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How to view a flawed Founder now? Missouri History Museum reinterprets Jefferson statue for 21st century

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More than 100 years ago, women in long dresses, men in silk hats and students parading with flags gathered proudly in Forest Park to celebrate.

The nation’s first Jefferson Memorial, sheltering a 9-foot-tall marble statue of a great Founder, was finished. Some schools and businesses closed for half a day to mark the happy occasion — a monument to the third president built with money from the 1904 World’s Fair.

The fair itself, of course, had honored the president’s acquisition of the Louisiana Territory, including the city of St. Louis and the future state of Missouri.

In a dramatic moment, a large U.S. flag was pulled off the statue.

“Behold one of the immortals,” David R. Francis, the fair’s director, said at the unveiling on April 30, 1913.

Oops. Fast-forward.

Statue of Thomas Jefferson in context

LEFT: A descendent of Thomas Jefferson unveils a sculpture of the third president at the Jefferson Memorial on April 30, 1913, at its dedication. RIGHT: Missouri History Museum employees Matt Speckhard (left) and Thomas Sleet install a set of interpretive panels on April 26, 2022, beneath the statue of Jefferson. The panels provide historical context about Jefferson as a slave owner and the impacts of the Louisiana Purchase on Native Americans. 

In the 21st century, those formerly glorious achievements and the primary writer of the nation’s Declaration of Independence are, if not tarnished, now held up to a different level of scrutiny.

In modern parlance: “It’s complicated.”

Thomas Jefferson’s name is still carved on the building, but it’s now better known as the Missouri History Museum. His statue by Karl Bitter remains, but on Tuesday it acquires interpretive panels, which explain that the president fathered at least six children with a woman he enslaved.

Thomas Jefferson statue in Missouri History Museum

A statue of Thomas Jefferson, the third president of the United States, a Founding Father and the owner of 600 slaves, sits in the Jefferson Memorial building of the Missouri History Museum on April 24, 2022. 

The panels also depict land he bought from the French as the longtime home of Americans whose presence was inconvenient to white settlers. These Native Americans would be fought, killed or eventually removed to reservations.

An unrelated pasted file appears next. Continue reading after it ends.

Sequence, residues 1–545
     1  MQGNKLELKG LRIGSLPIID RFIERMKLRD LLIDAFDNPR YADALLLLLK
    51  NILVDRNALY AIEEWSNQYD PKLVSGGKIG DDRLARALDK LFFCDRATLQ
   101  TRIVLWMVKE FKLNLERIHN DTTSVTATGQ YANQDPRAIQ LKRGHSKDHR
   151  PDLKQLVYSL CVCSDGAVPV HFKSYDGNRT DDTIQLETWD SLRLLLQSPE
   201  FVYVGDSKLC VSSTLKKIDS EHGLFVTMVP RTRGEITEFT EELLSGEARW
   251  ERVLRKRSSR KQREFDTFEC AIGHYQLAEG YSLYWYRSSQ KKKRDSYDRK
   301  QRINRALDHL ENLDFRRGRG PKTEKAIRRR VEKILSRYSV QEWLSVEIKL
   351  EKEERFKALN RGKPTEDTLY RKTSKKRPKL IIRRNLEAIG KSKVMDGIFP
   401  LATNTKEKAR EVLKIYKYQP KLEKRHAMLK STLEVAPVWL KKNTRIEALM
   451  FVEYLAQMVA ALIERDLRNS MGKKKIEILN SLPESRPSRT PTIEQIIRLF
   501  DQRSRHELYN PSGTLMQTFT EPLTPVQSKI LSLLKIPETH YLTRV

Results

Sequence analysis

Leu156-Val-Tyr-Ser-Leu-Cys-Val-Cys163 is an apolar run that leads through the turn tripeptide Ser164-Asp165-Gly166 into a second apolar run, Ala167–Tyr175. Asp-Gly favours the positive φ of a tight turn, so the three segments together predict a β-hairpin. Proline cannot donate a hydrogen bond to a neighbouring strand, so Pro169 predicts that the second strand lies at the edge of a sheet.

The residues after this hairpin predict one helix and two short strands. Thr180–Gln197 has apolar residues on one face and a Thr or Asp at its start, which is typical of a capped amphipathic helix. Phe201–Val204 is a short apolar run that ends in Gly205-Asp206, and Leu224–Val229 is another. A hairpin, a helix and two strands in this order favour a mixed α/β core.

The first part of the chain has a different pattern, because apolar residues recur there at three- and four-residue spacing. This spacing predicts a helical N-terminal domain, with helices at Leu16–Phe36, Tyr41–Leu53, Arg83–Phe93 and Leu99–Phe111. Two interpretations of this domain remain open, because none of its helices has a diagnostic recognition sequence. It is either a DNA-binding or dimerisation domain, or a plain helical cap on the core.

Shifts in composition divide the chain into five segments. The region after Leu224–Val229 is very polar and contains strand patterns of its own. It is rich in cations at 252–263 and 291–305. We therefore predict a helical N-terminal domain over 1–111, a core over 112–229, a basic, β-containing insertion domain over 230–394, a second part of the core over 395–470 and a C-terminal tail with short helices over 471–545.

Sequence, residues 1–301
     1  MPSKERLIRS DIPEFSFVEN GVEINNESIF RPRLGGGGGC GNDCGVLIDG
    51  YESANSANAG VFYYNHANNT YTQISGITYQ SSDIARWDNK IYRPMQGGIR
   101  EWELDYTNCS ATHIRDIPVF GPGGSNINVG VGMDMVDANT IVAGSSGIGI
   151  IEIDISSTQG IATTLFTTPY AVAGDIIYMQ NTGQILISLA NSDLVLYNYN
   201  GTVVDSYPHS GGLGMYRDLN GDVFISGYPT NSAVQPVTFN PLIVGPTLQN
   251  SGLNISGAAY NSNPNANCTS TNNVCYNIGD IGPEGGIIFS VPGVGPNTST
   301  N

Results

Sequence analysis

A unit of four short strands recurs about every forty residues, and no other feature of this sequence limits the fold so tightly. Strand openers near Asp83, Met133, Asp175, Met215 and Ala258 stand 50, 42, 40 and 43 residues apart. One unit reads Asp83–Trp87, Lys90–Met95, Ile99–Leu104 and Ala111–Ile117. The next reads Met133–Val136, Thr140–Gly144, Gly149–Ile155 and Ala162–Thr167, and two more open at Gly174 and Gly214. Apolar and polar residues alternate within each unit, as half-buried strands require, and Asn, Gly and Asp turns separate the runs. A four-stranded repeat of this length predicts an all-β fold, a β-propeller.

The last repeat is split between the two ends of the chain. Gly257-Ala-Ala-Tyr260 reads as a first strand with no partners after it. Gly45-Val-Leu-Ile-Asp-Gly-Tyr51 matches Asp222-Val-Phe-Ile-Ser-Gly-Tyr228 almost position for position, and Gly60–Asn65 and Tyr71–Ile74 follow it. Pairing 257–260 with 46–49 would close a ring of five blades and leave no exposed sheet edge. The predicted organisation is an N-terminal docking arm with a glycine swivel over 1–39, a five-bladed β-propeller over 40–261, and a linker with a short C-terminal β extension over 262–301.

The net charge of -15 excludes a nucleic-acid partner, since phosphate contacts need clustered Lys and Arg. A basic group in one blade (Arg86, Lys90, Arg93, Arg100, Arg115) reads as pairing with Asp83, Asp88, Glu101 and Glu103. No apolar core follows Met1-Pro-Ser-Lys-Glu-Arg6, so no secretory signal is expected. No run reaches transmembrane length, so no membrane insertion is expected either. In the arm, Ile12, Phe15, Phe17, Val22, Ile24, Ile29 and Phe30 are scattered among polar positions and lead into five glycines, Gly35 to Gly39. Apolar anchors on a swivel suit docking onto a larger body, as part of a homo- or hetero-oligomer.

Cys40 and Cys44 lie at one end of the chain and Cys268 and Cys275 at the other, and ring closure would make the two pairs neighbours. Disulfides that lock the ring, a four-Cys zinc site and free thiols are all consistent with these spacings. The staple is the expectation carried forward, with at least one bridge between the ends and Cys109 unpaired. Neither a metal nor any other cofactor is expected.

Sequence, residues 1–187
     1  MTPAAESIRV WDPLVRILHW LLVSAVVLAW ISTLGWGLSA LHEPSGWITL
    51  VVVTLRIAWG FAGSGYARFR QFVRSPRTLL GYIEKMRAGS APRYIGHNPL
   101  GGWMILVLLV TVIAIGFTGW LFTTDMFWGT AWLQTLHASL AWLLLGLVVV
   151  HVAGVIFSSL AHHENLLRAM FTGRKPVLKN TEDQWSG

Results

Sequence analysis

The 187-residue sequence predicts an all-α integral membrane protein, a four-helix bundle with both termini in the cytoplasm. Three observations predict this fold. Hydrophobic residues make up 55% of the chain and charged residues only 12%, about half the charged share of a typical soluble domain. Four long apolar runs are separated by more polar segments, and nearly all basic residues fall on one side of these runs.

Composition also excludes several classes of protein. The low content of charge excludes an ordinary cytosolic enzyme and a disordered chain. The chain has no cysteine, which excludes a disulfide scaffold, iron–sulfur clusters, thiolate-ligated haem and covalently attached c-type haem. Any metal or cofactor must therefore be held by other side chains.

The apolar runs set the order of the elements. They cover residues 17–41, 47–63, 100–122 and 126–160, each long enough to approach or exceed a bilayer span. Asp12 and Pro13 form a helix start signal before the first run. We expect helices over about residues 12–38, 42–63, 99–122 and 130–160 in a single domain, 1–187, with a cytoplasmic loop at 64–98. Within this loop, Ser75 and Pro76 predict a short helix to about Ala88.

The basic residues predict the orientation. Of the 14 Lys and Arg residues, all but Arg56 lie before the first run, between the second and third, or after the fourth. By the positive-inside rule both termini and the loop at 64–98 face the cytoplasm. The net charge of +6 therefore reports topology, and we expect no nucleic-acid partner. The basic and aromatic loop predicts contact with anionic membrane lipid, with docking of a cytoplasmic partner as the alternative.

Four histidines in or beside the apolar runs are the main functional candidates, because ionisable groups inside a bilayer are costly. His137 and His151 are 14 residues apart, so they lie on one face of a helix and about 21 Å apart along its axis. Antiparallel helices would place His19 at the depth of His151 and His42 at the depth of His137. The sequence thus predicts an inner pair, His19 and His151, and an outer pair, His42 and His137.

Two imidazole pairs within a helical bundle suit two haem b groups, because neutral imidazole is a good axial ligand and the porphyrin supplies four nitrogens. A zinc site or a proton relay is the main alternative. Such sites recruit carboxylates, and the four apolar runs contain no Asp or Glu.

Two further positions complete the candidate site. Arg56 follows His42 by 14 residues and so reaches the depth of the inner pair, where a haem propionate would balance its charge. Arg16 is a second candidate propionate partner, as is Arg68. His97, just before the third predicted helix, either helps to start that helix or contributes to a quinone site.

“Should the Louisiana Purchase be celebrated?” one new 6-foot-long panel asks. Another says: “Can we still be moved by the words of Jefferson but horrified by his actions?”

The panels, two years in the making, are part of the nation’s ongoing efforts to publicly reckon with flaws in men idealized as “immortal” heroes through monuments, statues, signs and the like.

The new panels show “a better history,” said Peter J. Kastor, a history professor at Washington University and a museum trustee. “Times change. It was not only necessary and urgent, but a tremendous opportunity.”

Kastor was part of an advisory committee for the panels, a project that also included input from at least 100 reviewers, including high school students.

Some thought the statue should be removed; others thought panels should focus on Jefferson as an accomplished leader. But most agreed with a more rounded view, said Jody Sowell, managing director of public history at the Missouri History Museum.

National criticism of some monuments often notes that they belong not in a public park, but a museum. Well, the Jefferson statue is in a museum.

“We long for heroes,” Sowell said. “We long for people to hold up on a pedestal. But visitors would rather be told the whole story and know the 360-degree view of these historic actors.”

Sumner students at the Thomas Jefferson statue unveiling

Students from Sumner High School (at left, in white shirts), the first African American high school west of the Mississippi, were among those participating in the unveiling ceremony for the Thomas Jefferson statue on April 30, 1913, at the Jefferson Memorial in St. Louis.

Always controversial

“Jefferson was controversial pretty much all of his public life,” historian Annette Gordon-Reed said last week while giving a speech at Washington University. The author of the Pulitzer Prize-winning book “The Hemingses of Monticello,” Gordon-Reed talked about how views of the president evolved over 250 years.

He was hated; he was loved. His idea on the separation of church and state made critics see him a dangerous atheist, Gordon-Reed said. “Some people buried their Bibles because some were afraid Jefferson would take them.”

Thomas Jefferson portrait

Thomas Jefferson, third president of the United States (1801-1809), in a ca. 1805 portrait by Rembrandt Peale. Jefferson fathered children with Sally Hemings, an enslaved woman whom he owned. 

He condemned slavery in the first draft of the Declaration of Independence, but the passage was removed. Likely, too many colonists, including Northerners, had profited from it. During his life, Jefferson owned more than 600 enslaved people himself.

Although even some contemporaries knew he had fathered children with Sally Hemings, an enslaved woman 30 years younger, his white family members continued to deny that the pair’s four adult children were Jefferson’s offspring. The children, whose heritage was seven-eighths European and one-eighth African, were legally “white.” But they had been born into slavery because their mother was enslaved.

It wasn’t until 1998 that DNA testing confirmed Jefferson as their father, and not until 2018 that the Thomas Jefferson Foundation introduced a new Hemings exhibit at Monticello, calling paternity of her offspring “settled historical matter.”